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the Legacy continues…………………….
Gregory R. Mann, Ph.D. {ret.}

African Penguin

“Spheniscus demersus” 

African Penguins are the only penguin species found on the African continent. They are also referred to as the “Black-footed Penguin” because of their black feet and the “Jackass Penguin” because of its ability to emit a loud, braying donkey-like call. The word Penguin first appears in the 16th century as a synonym for the now extinct Great Auk. When European explorers discovered what are today known as Penguins in the Southern Hemisphere, they noticed their similar appearance to the Great Auk of the Northern Hemisphere and named them after this bird, although they are not closely related. This medium-sized penguin has a robust body with black plumage on its back & white plumage with black markings on its chest and belly. They also have a characteristic u-shaped white band that wraps around the eye from the chin area toward the beak and a horseshoe-shaped black band across their chest. Juveniles have gray-blue plumage that darkens with age until they have the same coloring and markings as adults when they are about 3 years old. Adults stand about 45 centimeters tall and weigh an average of 3.1 kilograms. African Penguins are “waterproof” because of the small muscles found at the base of their feathers used to bind the feathers tightly to the body and because their feathers are waterproofed by a waxy substance. The wax is distributed from the base of the tail to the tips of the feathers as the penguins preen. Their feather muscles used to grip the feathers to the body are also used to hold their feathers out so that a warming layer of air can be trapped between their body and the feathers. African Penguins have developed unique adaptations to life in the temperate zone. They limit their daylight activities at breeding sites on land to early morning and early evenings to avoid too much sun. African Penguins face predation by seagulls, feral cats and mongoose while nesting on land, sharks and Southern Fur Seals prey on African Penguins in the water.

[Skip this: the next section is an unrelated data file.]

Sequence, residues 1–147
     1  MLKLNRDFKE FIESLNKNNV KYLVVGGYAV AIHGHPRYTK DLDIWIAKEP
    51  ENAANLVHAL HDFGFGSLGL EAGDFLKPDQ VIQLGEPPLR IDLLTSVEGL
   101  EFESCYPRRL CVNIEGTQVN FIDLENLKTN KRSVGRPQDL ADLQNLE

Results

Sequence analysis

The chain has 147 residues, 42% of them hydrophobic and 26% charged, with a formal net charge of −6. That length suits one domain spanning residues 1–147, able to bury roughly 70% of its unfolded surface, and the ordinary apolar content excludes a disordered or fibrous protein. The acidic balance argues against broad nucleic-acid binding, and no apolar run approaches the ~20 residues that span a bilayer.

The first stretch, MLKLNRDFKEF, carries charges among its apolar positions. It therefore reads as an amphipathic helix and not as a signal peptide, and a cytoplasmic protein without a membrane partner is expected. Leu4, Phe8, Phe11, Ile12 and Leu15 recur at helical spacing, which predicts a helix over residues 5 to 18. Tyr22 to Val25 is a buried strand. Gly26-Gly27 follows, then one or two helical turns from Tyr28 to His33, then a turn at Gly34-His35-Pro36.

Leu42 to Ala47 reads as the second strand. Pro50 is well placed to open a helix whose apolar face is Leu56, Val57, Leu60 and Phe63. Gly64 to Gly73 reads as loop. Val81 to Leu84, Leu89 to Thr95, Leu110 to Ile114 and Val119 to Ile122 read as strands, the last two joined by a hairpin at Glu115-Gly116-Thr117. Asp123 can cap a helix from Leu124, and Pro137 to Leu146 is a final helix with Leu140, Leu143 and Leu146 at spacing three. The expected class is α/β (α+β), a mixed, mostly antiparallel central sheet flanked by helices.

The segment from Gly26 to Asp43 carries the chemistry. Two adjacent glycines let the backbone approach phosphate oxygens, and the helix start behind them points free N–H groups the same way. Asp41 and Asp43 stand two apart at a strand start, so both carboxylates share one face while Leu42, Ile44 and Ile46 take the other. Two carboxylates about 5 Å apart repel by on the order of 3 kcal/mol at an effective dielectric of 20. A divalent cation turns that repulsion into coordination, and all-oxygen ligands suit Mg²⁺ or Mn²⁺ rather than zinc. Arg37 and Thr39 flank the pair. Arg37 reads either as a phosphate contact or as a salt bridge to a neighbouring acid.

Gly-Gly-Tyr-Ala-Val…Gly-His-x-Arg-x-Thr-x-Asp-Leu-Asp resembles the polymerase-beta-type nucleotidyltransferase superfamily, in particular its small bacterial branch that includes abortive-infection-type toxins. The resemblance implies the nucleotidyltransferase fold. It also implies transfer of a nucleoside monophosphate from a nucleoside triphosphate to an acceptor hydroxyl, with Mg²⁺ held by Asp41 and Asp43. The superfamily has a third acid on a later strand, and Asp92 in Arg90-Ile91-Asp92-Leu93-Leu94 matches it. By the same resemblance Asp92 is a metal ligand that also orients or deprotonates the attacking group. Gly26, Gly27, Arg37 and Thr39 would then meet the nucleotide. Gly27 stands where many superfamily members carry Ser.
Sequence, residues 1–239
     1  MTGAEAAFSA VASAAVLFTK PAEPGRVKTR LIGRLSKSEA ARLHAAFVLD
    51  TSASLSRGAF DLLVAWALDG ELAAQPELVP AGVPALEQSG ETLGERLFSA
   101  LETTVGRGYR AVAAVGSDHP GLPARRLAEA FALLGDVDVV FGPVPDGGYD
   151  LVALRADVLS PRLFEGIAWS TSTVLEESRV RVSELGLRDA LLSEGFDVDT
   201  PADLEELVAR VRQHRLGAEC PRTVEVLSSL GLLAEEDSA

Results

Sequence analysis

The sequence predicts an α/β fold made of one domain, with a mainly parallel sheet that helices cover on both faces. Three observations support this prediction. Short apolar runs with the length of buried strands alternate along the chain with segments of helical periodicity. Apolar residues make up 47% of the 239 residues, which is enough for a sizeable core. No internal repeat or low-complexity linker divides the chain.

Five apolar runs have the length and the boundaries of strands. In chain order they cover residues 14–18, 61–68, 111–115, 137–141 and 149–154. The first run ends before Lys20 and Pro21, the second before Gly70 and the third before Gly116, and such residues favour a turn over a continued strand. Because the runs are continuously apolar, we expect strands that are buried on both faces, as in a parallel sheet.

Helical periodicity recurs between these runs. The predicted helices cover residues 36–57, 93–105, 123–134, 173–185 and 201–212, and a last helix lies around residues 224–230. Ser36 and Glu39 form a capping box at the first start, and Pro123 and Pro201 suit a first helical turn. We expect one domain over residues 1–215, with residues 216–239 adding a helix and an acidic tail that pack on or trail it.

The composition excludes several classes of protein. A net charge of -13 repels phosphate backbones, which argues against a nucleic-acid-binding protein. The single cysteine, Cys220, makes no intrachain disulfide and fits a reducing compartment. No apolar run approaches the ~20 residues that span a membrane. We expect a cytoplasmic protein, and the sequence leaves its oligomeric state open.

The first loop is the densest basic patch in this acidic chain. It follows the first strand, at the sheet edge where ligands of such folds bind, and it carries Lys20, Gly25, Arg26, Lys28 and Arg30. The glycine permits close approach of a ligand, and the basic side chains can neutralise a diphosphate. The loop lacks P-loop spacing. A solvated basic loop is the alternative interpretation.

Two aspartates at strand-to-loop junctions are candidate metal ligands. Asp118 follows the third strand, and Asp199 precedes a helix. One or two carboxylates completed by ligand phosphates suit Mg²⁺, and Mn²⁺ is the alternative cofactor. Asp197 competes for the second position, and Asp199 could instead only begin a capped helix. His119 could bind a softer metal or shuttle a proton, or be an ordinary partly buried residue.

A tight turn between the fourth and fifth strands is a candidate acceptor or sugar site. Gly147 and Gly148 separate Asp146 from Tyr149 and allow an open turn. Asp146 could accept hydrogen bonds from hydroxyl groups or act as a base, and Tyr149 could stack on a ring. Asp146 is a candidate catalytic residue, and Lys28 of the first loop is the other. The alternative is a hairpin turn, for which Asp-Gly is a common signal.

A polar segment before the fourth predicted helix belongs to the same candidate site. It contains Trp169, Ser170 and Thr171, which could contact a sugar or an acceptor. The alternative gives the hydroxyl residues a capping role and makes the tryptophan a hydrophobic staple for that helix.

African Penguins can swim up to 20 kph and can travel distances between 30-70 kilometers during each trip. Average dives, however, average about 2-3 minutes reaching depths of up to 60 meters. They are found on the coast and islands of southern Africa and Namibia. There is a chain of islands between Hollamsbird Island, Namibia and Bird Island in Algoa Bay, South Africa where these penguins often form colonies or “rookeries”  for breeding and molting grounds. The African Penguin may live more than 30 years in an aquarium or zoo but averages of 15-20 years are typical in wild populations. They also build their nests where there is protection against too much solar radiation. African Penguins that are not breeding, typically spend the entire day in the ocean or they stay on the beach in large groups and swim frequently to stay cool. Molting occurs annually between November and January in South Africa and between April and May in Namibia when the penguins come ashore for about 3 weeks. The distribution of this specie’s range somewhat coincides with the cold and nutrient-rich Benguela current that flows north from Antarctica along the west African coast. African Penguins feed on fish including Anchovies & Sardines and sometimes on small crustaceans and squid. African Penguin pairs return to the same breeding sites year after year. Although breeding takes place throughout the year, nesting peaks in Namibia from November to December and in South Africa from March until May. Females typically lay two eggs, which are then incubated by both parents for about 40 days. African Penguins like all penguins, have a patch of bare skin at the base of their bellies sometimes called a “brood patch” that helps the parent provide enough heat to incubate the eggs. After the eggs hatch, the pair will feed the chicks for about one month by regurgitating food into the chick’s mouth. Chicks are then left alone in “crèches” or groups, a characteristic common to bird species that breed in large colonies, while their parents forage for food. Chicks leave the colony once they develop their juvenile plumage in between 2-4 months.

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